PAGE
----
The Weizmann researchers hypothesized that the paradoxical findings might arise because NO has different effects in different types of cells in the gut. The team genetically engineered mice to block NO production exclusively in certain types of cells: either those making up the inner lining of the gut or in immune cells. They found that the symptoms of a colitis-like disease got worse when NO synthesis was blocked in the gut cells, but improved when NO was blocked in the immune cells – particularly in large cells called macrophages.

Drs. Noa Stettner and Ayelet Erez

(l-r) Drs. Noa Stettner and Ayelet Erez suggest that natural supplements may help produce nitric oxide where it is needed

The scientists concluded that if inflammatory bowel diseases are treated by raising NO levels, it may cause side effects in cells outside the gut lining. Dr. Stettner, with the help of collaborators at the Weizmann Institute and elsewhere, set out to develop a method for boosting NO production only in the gut-lining cells.

They relied on Dr. Erez’s earlier finding that an enzyme called ASL is responsible for the making of the amino acid arginine, the raw material from which the body manufactures NO. The researchers turned to two natural substances: fisetin, present in apples, persimmons, and strawberries, leads to elevated ASL levels; citrulline, found in watermelon, beets, and spinach, increases ASL activity.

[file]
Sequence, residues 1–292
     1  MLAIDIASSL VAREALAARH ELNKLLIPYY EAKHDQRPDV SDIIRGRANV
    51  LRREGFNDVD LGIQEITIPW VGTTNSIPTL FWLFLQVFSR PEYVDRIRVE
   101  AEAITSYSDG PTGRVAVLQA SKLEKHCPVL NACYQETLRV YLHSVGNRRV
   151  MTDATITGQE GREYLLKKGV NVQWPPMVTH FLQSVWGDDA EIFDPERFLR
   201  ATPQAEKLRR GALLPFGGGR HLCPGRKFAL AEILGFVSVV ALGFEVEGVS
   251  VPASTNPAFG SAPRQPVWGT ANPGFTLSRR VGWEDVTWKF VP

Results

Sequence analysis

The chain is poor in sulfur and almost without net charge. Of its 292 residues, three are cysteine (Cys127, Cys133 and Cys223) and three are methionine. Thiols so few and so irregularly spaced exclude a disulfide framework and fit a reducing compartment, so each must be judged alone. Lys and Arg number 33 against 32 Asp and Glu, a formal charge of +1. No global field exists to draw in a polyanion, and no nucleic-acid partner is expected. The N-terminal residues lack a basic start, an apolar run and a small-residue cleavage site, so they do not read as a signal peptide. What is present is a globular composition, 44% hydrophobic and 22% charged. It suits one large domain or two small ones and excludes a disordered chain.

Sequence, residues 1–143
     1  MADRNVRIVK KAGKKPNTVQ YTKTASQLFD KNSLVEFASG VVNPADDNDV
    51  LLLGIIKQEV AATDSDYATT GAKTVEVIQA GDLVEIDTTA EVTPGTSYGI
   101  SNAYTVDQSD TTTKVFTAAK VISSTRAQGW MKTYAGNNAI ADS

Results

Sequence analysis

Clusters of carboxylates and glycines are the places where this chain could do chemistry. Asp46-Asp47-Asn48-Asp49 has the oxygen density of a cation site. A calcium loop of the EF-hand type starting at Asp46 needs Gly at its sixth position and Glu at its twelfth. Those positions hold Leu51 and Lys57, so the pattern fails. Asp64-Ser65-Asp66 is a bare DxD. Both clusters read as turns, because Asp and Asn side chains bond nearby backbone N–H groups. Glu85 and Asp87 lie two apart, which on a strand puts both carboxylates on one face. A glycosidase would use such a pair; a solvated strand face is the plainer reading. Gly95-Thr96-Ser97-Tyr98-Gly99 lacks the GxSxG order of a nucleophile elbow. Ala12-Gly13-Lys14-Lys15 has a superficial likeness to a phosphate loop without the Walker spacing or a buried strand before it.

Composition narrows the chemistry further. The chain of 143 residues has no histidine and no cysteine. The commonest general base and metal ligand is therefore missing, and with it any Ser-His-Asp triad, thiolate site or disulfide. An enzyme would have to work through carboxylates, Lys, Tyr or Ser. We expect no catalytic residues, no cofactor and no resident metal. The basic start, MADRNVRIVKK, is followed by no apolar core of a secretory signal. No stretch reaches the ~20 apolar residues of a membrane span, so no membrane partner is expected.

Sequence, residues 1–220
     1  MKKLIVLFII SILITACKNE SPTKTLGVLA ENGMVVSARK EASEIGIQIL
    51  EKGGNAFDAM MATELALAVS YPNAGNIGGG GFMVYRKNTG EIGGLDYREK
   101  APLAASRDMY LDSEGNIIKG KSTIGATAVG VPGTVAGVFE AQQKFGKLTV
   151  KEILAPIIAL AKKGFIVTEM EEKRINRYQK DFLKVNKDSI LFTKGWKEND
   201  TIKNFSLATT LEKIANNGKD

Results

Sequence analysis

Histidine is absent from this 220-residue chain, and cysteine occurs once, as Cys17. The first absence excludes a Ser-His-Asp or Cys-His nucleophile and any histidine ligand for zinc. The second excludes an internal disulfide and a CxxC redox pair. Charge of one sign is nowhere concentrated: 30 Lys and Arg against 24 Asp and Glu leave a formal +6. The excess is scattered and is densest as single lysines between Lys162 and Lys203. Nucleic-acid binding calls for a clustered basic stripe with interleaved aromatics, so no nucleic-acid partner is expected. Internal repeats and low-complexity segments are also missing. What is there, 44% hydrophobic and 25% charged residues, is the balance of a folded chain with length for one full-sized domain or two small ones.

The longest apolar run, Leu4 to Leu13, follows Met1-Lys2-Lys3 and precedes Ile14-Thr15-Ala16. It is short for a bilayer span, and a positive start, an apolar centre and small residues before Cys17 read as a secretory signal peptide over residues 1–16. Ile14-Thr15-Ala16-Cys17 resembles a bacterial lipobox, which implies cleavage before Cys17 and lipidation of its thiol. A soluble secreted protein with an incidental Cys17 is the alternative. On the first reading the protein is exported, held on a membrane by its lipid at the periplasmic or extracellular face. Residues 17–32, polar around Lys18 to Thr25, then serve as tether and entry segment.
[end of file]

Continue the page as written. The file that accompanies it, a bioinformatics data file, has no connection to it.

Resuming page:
The two supplements, when given together, promoted the manufacture of NO exclusively in cells of the inner lining of the gut. Most importantly, the symptoms of an inflammatory disease in the guts of the mice improved significantly.

The treatment also had a beneficial effect on colon cancer, which is known to be aggravated by gut inflammation. In mice with tumors of the colon, intestinal inflammation subsided and the tumors decreased in number and size after the mice receiving the supplements.

If this approach is shown to raise NO levels in the inner lining cells in humans, it may help treat inflammatory bowel diseases − and potentially even colon cancer. The fact that it makes use of over-the-counter nutritional supplements should facilitate its implementation.

Contributors to this research included: Julia Frug, Dr. Alon Silberman, Dr. Alona Sarver, and Dr. Narin N. Carmel-Neiderman of Weizmann’s Department of Biological Regulation; Dr. Chava Rosen, Dr. Biana Bernshtein, Dr. Shiri Gur-Cohen, Dr. Meirav Pevsner-Fischer, Dr. Niv Zmora, and Prof. Steffen Jung of Weizmann’s Department of Immunology; Dr. Raya Eilam, Dr. Inbal Biton, and Prof. Alon Harmelin of Weizmann’s Veterinary Resources Department; Dr. Alexander Brandis of Weizmann’s Life Sciences Core Facilities Department; Dr. Keren Bahar Halpern of Weizmann’s Department of Molecular Cell Biology; Dr. Ram Mazkereth of Tel Aviv University; Dr. Diego di Bernardo and Dr. Nicola Brunetti-Pierri of Federico II University in Naples, Italy; Dr. Gillian Dank of the Hebrew University of Jerusalem; and Dr. Murali Premkumar and Dr. Sandesh C.S. Nagamani of Baylor College of Medicine in Houston, Texas.

Dr. Ayelet Erez’s research is supported by the Adelis Foundation; the Rising Tide Foundation; the Comisaroff Family Trust; the Irving B. Harris Fund for New Directions in Brain Research; and the European Research Council. Dr. Erez is the incumbent of the Leah Omenn Career Development Chair.